OXFORDSHIRE headteachers have given Government plans to scrap GCSEs a mixed blessing.

Education Secretary Michael Gove has announced that after 2016, 16-year-olds will no longer sit the qualification but will instead take a new English Baccalaureate Certificate.

The new qualification, which would be taught from 2015 with the first students completing the ‘EBacc’ in 2017, will have a stronger emphasis on final exams rather than coursework and will have five main subject areas, English, maths, science, languages and history or geography.

Banbury Academy headteacher Dr Fiona Hammans welcomed the reforms which she said more closely replicated the world of work.

She said: “We are really happy to hear there are going to be some changes.

“Coursework really doesn’t advantage children who come from backgrounds where there is not a tradition or understanding for support for academic work, so I am quite happy that is going to be taken out or reduced substantially.”

She hoped it would give more time for teachers to teach a subject rather than just meeting coursework criteria.

Modular units, which allow pupils to resit exams to improve their grades, are also to go.

Dr Hammans added: “I’m not sure retaking exams over and over again teaches youngsters anything about the real world other than they can keep getting it wrong or not doing it very well.

“Our experience tells us our kids respond when it’s high stakes and a one-off.”

But Wallingford School headteacher Wyll Willis was emphatically against the proposals, which he said were “dispiriting” and “wearying”.

He said: “Politicians always look for easy answers to complicated problems. I think GCSEs are a decent product that were slightly flawed. What needed to happen was some work around the grade boundaries to make sure the ‘drift’ stopped. Instead, the whole lot is going in the bin.”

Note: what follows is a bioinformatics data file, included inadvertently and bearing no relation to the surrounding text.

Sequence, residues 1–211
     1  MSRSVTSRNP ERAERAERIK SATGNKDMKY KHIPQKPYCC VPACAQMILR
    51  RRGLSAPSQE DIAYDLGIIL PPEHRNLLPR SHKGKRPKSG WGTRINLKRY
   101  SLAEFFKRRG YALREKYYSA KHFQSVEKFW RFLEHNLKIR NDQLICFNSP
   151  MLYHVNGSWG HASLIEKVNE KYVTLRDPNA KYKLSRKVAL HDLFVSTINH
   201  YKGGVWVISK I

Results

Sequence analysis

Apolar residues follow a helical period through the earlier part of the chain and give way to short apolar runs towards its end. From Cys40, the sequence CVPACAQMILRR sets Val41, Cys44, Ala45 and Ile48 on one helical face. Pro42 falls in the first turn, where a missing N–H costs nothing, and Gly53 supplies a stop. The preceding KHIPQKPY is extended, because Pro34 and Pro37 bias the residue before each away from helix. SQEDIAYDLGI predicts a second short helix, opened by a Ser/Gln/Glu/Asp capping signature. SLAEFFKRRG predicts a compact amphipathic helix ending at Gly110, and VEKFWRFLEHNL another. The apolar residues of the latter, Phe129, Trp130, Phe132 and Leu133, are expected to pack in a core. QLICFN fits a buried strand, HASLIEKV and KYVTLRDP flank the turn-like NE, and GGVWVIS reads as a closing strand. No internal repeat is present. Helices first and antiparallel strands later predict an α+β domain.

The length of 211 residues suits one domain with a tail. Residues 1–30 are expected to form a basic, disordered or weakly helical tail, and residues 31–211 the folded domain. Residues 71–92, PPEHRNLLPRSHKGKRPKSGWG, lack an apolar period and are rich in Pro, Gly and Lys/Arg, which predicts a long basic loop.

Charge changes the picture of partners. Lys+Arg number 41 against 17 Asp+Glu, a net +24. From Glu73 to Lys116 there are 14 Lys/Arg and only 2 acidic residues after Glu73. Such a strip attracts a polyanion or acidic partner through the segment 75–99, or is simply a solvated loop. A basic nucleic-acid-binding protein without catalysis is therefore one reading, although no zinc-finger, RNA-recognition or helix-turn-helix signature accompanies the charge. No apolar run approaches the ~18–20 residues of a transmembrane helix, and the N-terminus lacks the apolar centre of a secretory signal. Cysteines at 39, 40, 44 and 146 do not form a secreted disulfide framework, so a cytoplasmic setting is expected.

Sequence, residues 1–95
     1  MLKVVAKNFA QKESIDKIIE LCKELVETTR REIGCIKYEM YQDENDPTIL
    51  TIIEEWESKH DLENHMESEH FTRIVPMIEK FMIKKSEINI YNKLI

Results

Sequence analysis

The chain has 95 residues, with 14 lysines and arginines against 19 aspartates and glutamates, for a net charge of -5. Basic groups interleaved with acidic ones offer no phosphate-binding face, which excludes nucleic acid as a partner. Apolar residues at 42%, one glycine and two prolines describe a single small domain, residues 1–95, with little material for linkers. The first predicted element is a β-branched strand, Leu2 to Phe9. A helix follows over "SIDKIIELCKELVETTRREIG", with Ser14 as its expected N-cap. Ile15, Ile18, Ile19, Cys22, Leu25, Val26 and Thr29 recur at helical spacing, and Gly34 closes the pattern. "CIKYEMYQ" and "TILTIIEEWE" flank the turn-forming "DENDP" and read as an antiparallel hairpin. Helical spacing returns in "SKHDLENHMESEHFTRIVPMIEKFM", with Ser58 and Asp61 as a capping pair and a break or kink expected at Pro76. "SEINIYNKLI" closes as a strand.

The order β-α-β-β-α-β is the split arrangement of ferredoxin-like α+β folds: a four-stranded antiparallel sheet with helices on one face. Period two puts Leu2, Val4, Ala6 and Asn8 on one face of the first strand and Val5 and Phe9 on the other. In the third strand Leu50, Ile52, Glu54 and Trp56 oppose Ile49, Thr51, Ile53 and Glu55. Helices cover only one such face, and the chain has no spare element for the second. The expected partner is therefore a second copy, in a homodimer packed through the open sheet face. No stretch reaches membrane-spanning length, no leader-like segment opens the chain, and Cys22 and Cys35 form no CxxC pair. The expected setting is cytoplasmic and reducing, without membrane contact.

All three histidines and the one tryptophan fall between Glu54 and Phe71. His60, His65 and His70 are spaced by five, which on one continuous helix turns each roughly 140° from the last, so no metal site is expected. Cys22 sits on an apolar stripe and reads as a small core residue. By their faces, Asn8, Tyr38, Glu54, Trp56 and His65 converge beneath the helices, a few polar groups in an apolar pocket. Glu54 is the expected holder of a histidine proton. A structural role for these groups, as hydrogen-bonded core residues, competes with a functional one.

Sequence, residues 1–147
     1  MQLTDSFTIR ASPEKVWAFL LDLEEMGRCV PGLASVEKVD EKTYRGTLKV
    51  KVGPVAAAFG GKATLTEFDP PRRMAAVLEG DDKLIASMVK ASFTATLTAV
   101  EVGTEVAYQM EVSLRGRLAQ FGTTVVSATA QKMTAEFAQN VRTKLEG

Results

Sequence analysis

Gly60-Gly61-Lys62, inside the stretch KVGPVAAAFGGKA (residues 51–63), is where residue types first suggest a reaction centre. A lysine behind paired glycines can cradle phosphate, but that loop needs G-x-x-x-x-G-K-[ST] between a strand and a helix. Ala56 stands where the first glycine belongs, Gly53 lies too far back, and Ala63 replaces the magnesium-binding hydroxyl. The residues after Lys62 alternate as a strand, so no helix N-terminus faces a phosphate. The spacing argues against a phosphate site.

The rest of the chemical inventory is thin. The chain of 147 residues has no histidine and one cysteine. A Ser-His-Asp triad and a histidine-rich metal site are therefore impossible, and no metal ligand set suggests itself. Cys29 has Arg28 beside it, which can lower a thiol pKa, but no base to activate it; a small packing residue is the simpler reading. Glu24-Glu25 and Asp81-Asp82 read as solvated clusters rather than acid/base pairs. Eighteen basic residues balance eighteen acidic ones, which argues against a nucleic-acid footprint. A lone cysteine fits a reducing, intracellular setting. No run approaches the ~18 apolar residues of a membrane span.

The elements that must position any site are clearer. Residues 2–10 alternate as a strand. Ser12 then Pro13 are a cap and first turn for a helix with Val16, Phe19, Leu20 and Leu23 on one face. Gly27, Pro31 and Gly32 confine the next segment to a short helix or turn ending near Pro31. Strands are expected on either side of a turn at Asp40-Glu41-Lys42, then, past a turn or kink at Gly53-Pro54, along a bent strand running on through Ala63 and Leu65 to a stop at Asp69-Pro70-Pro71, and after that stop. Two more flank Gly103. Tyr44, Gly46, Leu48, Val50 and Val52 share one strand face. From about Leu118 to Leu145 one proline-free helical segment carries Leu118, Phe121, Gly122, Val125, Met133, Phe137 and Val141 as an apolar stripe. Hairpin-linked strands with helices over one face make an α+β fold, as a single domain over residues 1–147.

He warned it would not help youngsters who were currently struggling to obtain academic qualifications.

He said: “My fear is I will spend the next five years working on something which will create a problem, then the next five years putting it right.”

Mike Reading, headteacher at Oxford Academy , said work clearly needed to be done to revise the existing qualifications.

He said: “I am encouraged by the fact we are not rushing into the changes.”

But he questioned whether the proposed final exam assessment would meet the needs for the future and the economy, and said there were some inconsistencies in what was planned.

He added: “It is commendable we want to make sure children have a high level of ability in critical skills for the future, but I do question where is RE and where are the arts?”